TAMWORTH may be famous for the Big Golden Guitar and its annual country music festival which is a massive event for the town and local area, but have you ever heard of Nundle, NSW located just 40 minutes’ drive to the south-east?
Back in its heyday of the 1800s gold was found, the rush was on and fortunes were lost and found. Today, the town is alive with tourists and a few old prospectors still scratching around in the valley. Gold was first found just outside town at Hanging Rock, where today you can visit a host of mine sites – some are just pits in the ground – where you can freely walk in.
The ground in the Hanging Rock area is solid rock and there’s not much dirt to actually dig through, showing just how tough it would have been for the old timers; combine this with a lack of water, bitter winters and stifling hot summers.
The Hanging Rock mine sites led to the first village in the area, with Chinese immigrants moving in to mine, create food gardens and open up stores. Over time gold ran out, but more was found down the valley in the Peel River.
Nundle was buzzing when gold was found, with 16 pubs (reportedly!), banks, a school, a church, a courthouse and even a wool mill; all built in the late 1800s. Soon after Nundle was officially declared a town, and closer to the 1900s it got another church, a post office and even a council office.
Today, Nundle is like a step back in time, where you can freely fossick for gold and crystals, walk the streets visiting the old buildings and museums, grab a coffee, or drive the history trails. The Mount Misery Gold mine café is a unique coffee shop in Nundle where you can get the best coffee in town and, for a small entry fee, you can go behind the cafe into parts of the old mine to explore the relics, read the 100-year-old reports and newspaper clippings, and admire the memorabilia collected over the years.
For those keen on fossicking and rock collection head to the Nundle Caravan Park cum Tourist Information Centre, where you can admire the lifetime collection of all things rock by the late Gil Bennett. The staff at the centre is clued-up on the display and will even give you a map of where to fossick in the area.
The map will lead to the Hanging Rock area, passing roadside mines, old mullock heaps and pine forests. An essential trip is the short drive to the lookout, where the 1100-metre-high vantage point provides views down and across the valley.
The area surrounding the lookout has a rich history, and if you head a few more miles you’ll reach the Sheba Dam Reserve which is a great base to camp (all free, with barbecues and toilets) to explore.
An old road cuts through a historically significant pine plantation east of Sheba, while an old cemetery dating back to the mid-1800s is at the start of Forest Way. This is no ordinary cemetery, as it’s where the original founders of the well-known Ashton Circus are buried.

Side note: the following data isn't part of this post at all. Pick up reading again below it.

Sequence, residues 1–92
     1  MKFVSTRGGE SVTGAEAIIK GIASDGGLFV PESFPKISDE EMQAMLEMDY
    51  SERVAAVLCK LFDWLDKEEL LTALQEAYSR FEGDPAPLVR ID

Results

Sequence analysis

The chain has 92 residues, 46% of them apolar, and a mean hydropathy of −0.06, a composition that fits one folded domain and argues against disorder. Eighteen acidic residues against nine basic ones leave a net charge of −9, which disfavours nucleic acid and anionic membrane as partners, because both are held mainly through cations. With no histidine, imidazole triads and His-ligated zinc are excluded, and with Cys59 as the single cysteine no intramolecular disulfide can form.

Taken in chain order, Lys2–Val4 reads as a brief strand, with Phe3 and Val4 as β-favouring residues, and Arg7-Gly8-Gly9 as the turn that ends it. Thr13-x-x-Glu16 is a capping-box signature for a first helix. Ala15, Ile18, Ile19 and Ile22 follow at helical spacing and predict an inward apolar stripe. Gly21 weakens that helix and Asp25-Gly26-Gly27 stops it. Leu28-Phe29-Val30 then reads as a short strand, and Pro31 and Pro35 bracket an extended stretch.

Mrs Ashton was buried here in 1852 when she gave birth to her daughter and died shortly after. Continuing along Forest Way, there are signs and plaques where the old pub was, as well as where the Ashton Circus performed every day except for Sundays, at Gibbons Inn.
The road heads 20km to Ponderosa Park, where there’s a free campsite among huge pine trees with soft tree ferns growing underneath. Ponderosa Park was once the site of an old sawmill where timber was sent locally and to the coast.
Closing down 60 years ago, it now operates in Nundle. You can walk around the old site today to admire the relics left behind and read the info boards on the company’s history; you can also dig for zircon in the rich soil.
If you’ve had enough of the hinterland history trail, head back to Nundle and explore the 2km tourist walk where there are nearly 30 points of interest along the way. Museums, boutique shops and galleries now fill the proud historical buildings.
It’s easy to spend a few days at Nundle, especially when there’s free camping. In addition to Ponderosa Park and Sheba Dam, another free camp is located 4km on the northern side of town called Swamp Creek. Not only is it free but the area comes with toilets and shelters. Fires are also permitted, and you can fossick for gems in the creek nearby.
The magnificent Chaffey Dam, which supplies water to the Tamworth area, can be spotted when heading out from Nundle towards Tamworth, and the public can camp beside (with a small fee), swim, fish in and boat on this huge expanse of water.
SHEBA Dam was originally set up in 1888 to serve the miners with water. Built in several weeks, it played an important part in the miner’s way of life. Locals can still find semi-precious gems around the dam such as sapphires and zircons, and for nature buffs there is a walking trail around the dam.
This area near Sheba was the site of Hanging Rock Village, where there were grog shops, stores and a school of arts. There are a few signs highlighting the old buildings, but, sadly, over the past 150 years they have fallen down or been forgotten.
The Hanging Rock area covered 15,000 acres, and a great deal of gold was found within this area which was sent to Maitland and later onto Tamworth. Some say this gold discovery was the start of the growth and prosperity for Tamworth.
WHEN Chaffey Dam was built, the village of Bowling Alley Point was flooded. These days all that is left are three original stone buildings, the 1877 cemetery and, when the dam is low, a few ruins visible in the swamp.
Back in 1864 a wrought-iron bridge was built across the Peel River (now concrete), but it was sadly washed away in a flood in the 1980s. The bridge was constructed at Newcastle and was brought up in pieces by bullock teams that took many days.
It’s amazing to think that in this area there were a stack of hotels, a school, a post office and nearly 50 assorted buildings, but, sadly due to progress, this history is all but gone.
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